Dropping the previous requirement to make an appointment to tour the house, officials also increased the number of tours from 20 to 30 a week, Tuesday through Saturday. Only in October are tours offered on Sundays.
Growing public demand led to expanded access to Saxton House, where William McKinley and his wife, Ida Saxton McKinley, lived before he became president.
“A lot of people who called in said we think we are going to be in the area but it’s difficult to make a reservation,” Krider said. Reservations are still encouraged, since tours are limited to 15 people.
As for the collection itself, the educational mission of the enterprise led to the decision to make it available to the widest audience, Krider said.
“Our whole purpose is educating the public about these important contributions of first ladies, and it’s not the Carl Anthonys who need that education the most,” she said, referring to a prominent historian who is considered the leading expert on first ladies. “It’s the everyday person who needs that education.”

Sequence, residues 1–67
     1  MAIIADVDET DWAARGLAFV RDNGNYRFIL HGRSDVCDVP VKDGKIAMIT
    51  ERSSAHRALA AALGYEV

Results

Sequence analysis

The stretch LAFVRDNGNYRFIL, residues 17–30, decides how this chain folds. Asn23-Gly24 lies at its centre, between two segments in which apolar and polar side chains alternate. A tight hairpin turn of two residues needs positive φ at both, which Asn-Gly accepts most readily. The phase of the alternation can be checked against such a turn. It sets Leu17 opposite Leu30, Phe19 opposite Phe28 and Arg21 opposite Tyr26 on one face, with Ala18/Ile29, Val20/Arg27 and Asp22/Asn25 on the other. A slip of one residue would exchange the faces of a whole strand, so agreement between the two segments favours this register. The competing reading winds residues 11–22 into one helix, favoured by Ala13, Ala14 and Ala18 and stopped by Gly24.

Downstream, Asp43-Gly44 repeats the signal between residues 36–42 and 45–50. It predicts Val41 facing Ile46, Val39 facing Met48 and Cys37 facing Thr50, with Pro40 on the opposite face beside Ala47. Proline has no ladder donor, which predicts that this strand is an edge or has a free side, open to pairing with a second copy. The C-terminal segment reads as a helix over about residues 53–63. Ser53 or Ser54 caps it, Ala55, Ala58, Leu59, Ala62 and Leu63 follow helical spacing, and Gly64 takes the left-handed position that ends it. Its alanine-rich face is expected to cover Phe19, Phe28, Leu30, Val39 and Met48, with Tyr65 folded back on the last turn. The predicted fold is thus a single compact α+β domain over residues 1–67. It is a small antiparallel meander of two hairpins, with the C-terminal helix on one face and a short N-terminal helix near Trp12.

Until last month, not even scholars had access to the archives, which were stored in two locations and were being cataloged.
The archives are now open by appointment.
The first visitors were a couple from Illinois who were interested in Mary Todd Lincoln, Krider said. In a way, the widow of Abraham Lincoln inspired creation of the library, which began as a venture to develop a bibliography of first ladies materials in 1995. Mrs. Regula was personally interested in Mrs. Lincoln, and she felt the contributions of first ladies had received insufficient attention.
In crafting its public access policy, the library board considered the presidential archives as well as local expectations and staffing.
“There’s a great amount of variability” in access to presidential libraries, which range from entirely private to public-private hybrids, said Lynn Scott Cochrane, who is writing a book on the subject.